Human rights are not ‘earned’ by virtue of being a hero or a victim, but are an entitlement of everyone, regardless of origin, age, gender and status. But support and protection are needed if migrants are to contribute fully to their, and our, recovery.

As vaccines become available, migrants regardless of their status must be ensured equitable access to national programming, not as a special class of people, but as friends, neighbours and co-workers.

The global response to COVID-19 presents a unique opportunity to reimagine human mobility from the ground up, to implement the vision of the Global Compact for Safe Orderly and Regular Migration, and build prosperous, healthy and resilient communities.

We, together, can make it happen.

António Vitorino

UNESCO Director-General

This International Migrants Day provides an opportunity for the international community to reaffirm its shared commitment to protecting the inalienable rights of nearly 300 million migrants worldwide, who are significantly threatened by the health crisis.

The closure of borders, travel restrictions and containment measures adopted to curb the spread of the virus have called into question the very possibility for people to leave in the hope of rebuilding a better life elsewhere.

More generally, this crisis has exacerbated the vulnerability of migrants: for these people who have left everything to flee violence, poverty and natural disasters, and who live in highly precarious conditions in their new land of asylum, the future has very often become bleak. Faithful to its mandate to promote cultural diversity and human rights, UNESCO is committed in its everyday work to fostering the inclusion of migrants in their host societies.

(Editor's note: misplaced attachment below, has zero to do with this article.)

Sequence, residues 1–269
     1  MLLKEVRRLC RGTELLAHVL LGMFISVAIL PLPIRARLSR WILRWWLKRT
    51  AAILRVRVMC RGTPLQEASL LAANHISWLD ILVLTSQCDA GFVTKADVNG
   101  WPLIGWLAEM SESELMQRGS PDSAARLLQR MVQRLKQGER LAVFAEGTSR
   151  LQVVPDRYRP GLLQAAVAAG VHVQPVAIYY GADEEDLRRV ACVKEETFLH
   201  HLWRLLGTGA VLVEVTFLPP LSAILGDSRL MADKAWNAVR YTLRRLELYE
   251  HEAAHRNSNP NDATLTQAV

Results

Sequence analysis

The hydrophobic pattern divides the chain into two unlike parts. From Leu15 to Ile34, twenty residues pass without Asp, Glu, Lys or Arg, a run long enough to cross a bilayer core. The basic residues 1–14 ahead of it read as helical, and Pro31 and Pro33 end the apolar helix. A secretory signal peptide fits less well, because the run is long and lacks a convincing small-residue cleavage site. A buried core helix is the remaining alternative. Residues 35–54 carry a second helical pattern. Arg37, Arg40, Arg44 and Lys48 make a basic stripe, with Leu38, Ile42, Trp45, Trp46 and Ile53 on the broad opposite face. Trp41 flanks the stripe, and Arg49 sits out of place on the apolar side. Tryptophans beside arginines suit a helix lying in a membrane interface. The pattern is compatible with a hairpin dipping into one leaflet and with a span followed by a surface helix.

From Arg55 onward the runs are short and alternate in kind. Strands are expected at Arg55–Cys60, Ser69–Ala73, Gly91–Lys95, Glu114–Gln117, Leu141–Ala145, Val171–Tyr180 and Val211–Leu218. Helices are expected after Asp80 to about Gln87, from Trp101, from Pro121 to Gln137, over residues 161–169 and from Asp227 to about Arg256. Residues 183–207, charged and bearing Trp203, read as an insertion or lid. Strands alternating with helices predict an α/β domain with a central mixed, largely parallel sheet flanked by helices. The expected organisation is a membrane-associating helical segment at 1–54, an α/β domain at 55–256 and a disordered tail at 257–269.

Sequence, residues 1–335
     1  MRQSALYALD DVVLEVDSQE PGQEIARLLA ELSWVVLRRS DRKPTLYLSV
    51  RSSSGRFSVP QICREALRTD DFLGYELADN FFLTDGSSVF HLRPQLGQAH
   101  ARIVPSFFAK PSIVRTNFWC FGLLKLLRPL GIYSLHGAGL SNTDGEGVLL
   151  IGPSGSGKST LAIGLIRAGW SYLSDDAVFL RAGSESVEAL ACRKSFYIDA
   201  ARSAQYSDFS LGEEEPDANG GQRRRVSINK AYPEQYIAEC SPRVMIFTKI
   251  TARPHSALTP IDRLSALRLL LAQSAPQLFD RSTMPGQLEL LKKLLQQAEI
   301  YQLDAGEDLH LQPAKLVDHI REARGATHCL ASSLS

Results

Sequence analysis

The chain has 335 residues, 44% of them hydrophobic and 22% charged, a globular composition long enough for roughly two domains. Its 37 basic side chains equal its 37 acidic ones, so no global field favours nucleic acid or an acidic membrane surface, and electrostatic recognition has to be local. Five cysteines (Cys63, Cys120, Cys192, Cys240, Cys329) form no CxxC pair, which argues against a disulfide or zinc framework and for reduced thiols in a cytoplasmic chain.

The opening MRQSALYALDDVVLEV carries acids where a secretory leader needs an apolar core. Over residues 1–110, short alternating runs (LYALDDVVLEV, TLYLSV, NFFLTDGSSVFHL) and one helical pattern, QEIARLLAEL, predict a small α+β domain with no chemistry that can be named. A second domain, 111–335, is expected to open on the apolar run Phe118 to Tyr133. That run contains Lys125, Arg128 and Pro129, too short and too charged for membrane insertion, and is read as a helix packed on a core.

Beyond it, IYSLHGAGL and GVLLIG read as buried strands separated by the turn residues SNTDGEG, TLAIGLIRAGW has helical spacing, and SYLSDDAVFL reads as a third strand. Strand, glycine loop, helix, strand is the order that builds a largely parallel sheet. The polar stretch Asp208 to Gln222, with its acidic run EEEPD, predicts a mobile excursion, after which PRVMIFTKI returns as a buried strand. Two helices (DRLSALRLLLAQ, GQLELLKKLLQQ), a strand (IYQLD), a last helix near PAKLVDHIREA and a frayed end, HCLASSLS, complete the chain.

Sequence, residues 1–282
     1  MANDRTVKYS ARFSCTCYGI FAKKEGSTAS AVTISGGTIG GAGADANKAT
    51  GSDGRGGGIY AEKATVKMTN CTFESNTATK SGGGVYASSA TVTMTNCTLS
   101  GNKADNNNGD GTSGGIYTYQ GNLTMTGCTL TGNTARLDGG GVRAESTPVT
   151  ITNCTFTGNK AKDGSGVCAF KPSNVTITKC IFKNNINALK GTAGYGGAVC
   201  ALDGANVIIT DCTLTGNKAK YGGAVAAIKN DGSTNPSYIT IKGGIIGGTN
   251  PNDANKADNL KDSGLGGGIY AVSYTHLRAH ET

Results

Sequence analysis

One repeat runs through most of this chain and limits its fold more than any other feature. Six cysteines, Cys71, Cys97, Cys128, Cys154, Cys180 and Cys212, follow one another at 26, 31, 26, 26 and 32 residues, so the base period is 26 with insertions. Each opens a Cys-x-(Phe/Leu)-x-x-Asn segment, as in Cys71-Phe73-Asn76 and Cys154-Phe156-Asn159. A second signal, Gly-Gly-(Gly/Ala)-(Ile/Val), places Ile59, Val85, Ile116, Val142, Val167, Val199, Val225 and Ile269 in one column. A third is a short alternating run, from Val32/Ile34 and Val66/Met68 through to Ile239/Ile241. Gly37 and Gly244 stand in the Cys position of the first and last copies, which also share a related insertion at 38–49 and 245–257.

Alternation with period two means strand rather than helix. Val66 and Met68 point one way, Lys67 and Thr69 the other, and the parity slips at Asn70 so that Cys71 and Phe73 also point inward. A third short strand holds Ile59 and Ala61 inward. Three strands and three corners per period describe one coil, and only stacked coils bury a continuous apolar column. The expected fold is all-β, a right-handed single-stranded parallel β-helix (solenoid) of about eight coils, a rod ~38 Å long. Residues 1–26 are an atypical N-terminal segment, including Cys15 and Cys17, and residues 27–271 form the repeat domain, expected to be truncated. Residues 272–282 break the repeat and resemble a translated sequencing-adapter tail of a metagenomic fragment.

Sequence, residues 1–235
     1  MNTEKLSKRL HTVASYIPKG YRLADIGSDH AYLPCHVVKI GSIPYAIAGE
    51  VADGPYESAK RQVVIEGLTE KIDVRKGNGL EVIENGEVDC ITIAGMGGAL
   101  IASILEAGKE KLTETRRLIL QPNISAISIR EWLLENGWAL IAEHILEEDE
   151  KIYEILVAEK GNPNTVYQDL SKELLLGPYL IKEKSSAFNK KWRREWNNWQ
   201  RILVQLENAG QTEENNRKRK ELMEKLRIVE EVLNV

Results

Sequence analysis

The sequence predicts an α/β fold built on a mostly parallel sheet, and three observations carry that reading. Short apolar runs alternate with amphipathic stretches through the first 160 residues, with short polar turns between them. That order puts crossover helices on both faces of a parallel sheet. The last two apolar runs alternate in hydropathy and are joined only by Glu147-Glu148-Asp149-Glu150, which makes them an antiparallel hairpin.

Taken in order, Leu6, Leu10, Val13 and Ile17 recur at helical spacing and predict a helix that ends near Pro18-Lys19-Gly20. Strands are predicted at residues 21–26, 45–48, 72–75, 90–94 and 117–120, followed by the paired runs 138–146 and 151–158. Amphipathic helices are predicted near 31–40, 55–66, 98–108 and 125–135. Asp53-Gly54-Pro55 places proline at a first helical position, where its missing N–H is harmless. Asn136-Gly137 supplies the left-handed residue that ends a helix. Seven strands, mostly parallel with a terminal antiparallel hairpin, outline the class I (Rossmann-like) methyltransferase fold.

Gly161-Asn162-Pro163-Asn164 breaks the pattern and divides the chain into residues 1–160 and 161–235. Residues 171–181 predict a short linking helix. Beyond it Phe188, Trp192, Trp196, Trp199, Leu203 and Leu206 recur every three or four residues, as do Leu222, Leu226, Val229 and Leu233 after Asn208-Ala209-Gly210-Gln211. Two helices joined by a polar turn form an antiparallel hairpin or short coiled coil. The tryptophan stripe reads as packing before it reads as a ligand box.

This is a crucial mission, which must reach out in particular to the most vulnerable, namely women and children. This is the whole purpose of our Organization's action in the field of education. Building on the analysis of our global report Migration, Displacement and Education: Building Bridges, Not Walls, published in 2019, our work emphasizes the need to invest in access to quality education for children in situations of displacement, as this is often the first step towards other, more stable horizons.

Education is this first step, and our efforts must focus on one space: the city. Indeed, the city represents this unparalleled place of opportunity that attracts migrants first and foremost. This is why UNESCO has strengthened its close cooperation with the network of the International Coalition of Inclusive and Sustainable Cities. These local partners are fundamental to the development of our initiatives against hate speech, which we have unfortunately seen spreading during the pandemic.

On this International Migrants Day, UNESCO thus calls on the international community to promote the fundamental human rights of migrants to safety, dignity and peace. It is a compelling duty, as Iranian novelist Dina Nayeri writes, because "it is the obligation of every person born in a safer room to open the door when someone in danger knocks". It is a duty that is part of our humanity – a humanity in action in ideas, peoples and cultures, which we promote at the United Nations.

Audrey Azoulay